Playing football in times of war: Armenia versus Ukraine. ‘You can’t separate sports and politics’



At the Yerevan national stadium, Armenia was no match for Ukraine. The visitors dressed in yellow won 5-0.Image Reuters

Large-scale protests or statements were not made at the special football match between Armenia and Ukraine, played in the Armenian capital Yerevan last Saturday. This is special because both countries have to deal with aggression from neighboring countries. Ukraine has been struggling with the large-scale invasion of Russia since the end of February, Armenia recently saw the battle with Azerbaijan for border areas flare up.

Ukraine’s players, as usual since Russia’s invasion, came onto the field with the national blue-and-yellow flag wrapped around their shoulders. Near the center line in the barely half-full Vazgen Sargsyan stadium (capacity: 14,400) was a banner with ‘First Armenian Front’.

Eyewitness and former Armenian international Aras Özbiliz saw and heard no further political statements around and during the Nations League match that ended in 0-5. Özbiliz: ‘There were very few people, that was actually a statement in itself. Armenians don’t think it’s appropriate to go to a football match now. The day before there were again shootings at the border, almost two hundred people have died in the past period. Weddings and birthdays are postponed.’

Fear in Yerevan

People do not feel unsafe in Yerevan, zbiliz outlines. ‘But you do hear statements from other countries that even our capital belongs to them. So there is definitely fear. Armenia was once a large country in the Caucasus, but we are now small and more and more are being taken away.’

In the war between Russia and Ukraine, Armenia tries to interfere as little as possible. There is disappointment that Russia, which would guard the borders in the area, did not intervene in the battle with Azerbaijan over the Nagorno-Karabakh border region two years ago. But Ukraine also failed in the eyes of many Armenians. Özbiliz: ‘We’re really stuck here, and we don’t know where it’s going.’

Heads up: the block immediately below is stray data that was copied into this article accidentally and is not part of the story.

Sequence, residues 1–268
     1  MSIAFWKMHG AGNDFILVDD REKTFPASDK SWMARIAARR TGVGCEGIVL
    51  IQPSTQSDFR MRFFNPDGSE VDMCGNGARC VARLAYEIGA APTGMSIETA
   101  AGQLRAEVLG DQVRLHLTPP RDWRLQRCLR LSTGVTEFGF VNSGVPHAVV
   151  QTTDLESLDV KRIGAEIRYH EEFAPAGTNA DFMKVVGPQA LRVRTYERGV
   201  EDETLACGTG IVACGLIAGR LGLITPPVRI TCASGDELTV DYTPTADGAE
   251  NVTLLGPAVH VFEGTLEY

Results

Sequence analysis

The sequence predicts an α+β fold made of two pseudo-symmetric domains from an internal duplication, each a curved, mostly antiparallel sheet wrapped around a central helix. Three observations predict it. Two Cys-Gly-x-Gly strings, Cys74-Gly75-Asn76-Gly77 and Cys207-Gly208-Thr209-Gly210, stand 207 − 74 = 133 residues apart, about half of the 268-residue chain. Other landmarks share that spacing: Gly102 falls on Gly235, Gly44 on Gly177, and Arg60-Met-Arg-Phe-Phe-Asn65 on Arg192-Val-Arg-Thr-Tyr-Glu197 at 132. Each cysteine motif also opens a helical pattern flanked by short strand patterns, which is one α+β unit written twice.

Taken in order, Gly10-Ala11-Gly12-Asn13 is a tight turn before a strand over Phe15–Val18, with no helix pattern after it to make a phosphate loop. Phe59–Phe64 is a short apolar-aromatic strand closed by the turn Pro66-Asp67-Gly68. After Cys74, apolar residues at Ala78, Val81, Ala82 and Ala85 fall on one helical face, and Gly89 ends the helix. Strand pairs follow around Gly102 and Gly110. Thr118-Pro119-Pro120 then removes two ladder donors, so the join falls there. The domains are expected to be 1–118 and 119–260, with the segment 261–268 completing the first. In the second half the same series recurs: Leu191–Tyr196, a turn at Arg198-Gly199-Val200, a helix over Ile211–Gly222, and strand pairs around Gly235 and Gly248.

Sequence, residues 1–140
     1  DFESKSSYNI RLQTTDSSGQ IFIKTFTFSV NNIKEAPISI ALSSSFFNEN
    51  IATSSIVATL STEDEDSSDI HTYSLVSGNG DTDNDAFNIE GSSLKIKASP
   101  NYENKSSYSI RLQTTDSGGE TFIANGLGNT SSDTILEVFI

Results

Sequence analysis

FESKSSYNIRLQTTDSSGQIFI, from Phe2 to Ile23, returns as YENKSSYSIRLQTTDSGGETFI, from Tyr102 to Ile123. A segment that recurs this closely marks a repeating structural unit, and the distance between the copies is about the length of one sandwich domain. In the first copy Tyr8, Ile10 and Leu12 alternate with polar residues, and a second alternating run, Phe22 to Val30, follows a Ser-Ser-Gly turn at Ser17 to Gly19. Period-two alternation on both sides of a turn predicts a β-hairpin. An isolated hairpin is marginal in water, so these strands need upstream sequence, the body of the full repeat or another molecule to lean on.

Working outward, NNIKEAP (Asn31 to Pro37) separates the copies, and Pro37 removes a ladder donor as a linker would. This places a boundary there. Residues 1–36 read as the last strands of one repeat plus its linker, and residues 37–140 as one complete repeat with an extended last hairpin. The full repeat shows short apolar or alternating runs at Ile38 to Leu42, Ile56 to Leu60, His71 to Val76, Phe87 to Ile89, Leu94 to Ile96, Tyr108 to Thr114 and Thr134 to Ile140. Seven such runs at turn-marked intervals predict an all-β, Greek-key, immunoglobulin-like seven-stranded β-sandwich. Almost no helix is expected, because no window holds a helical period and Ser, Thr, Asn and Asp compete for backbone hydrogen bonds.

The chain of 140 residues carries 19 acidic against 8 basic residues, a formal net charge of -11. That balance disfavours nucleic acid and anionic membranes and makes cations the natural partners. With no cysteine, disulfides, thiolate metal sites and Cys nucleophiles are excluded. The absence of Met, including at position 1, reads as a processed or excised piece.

A success of the national team on the football field can provide a moment of happiness among the population even in times of war. Özbiliz: ‘Armenia has a sporty population, we are especially good at wrestling and chess, but also crazy about football.’

The best Armenian player by far, Henrikh Mkhitaryan, retired from international football a year ago. Özbiliz saw ‘break something’ at Armenia after the 0-2 against Ukraine, which took office without many star players.

Not into football

It is difficult for many football players from countries at war to keep their focus, Yevgeny Levchenko, former Ukrainian international, knows. “I’ve spoken to several internationals, and a lot of them aren’t into football at all right now. Roman Zozulya, for example, is busy day and night collecting things and setting up actions from Spain, where he played football in recent years, to help Ukraine. He can’t sleep normally, there are more like that.’

Ukraine national coach Oleksandr Petrakov said he would take up arms if asked. He was sentenced for that ruling by the UEFA because ‘politics and sports must remain separate’, which the Ukrainian Football Association appealed and Petrakov repeated his statement. Levchenko finds it ‘super weird’ how the Uefa reacts. ‘You cannot separate sports and politics. Certainly not in this situation. It is only natural that Petrakov expresses herself like this. We must do everything we can to keep Western attention on the war in Ukraine.’

That is why Levchenko, currently busy getting ambulances from the Netherlands to Kharkiv, applauds that the Ukrainian national team continues to play. “I had hoped for a joint statement with Armenia, because we are both under attack, we are both in the same boat. It’s about your freedom. We have to see the bigger picture, in Ukraine the freedom of Europe is being contested, not everyone realizes that.’

Deserted

In Armenia people are disappointed by the limited interest in their fate. Özbiliz: ‘Armenians feel a bit abandoned. We are so small that we are no match, apparently. I hope we are heard too.’

The Ukrainian football league has recently started up again, that of Armenia will continue as usual. Özbiliz (32), trained by Ajax and also playing for major Russian and Turkish clubs, currently plays for the Armenian club Punjik Yerevan. “We are playing European football for the first time in history. That is nice to experience and hopefully offers some comfort.’

The national football team of Armenia no longer played a role in the Nations League group. That of Ukraine can become a group winner and thus force promotion to the A-division, if it beats Scotland on Tuesday in Krakow, Poland. What is its value? Levchenko: ‘It’s big. The national team raises money for our soldiers, draws attention to them. Soldiers at the front say to the internationals: we fight here, you have to do it on the football field so that we are not forgotten.’

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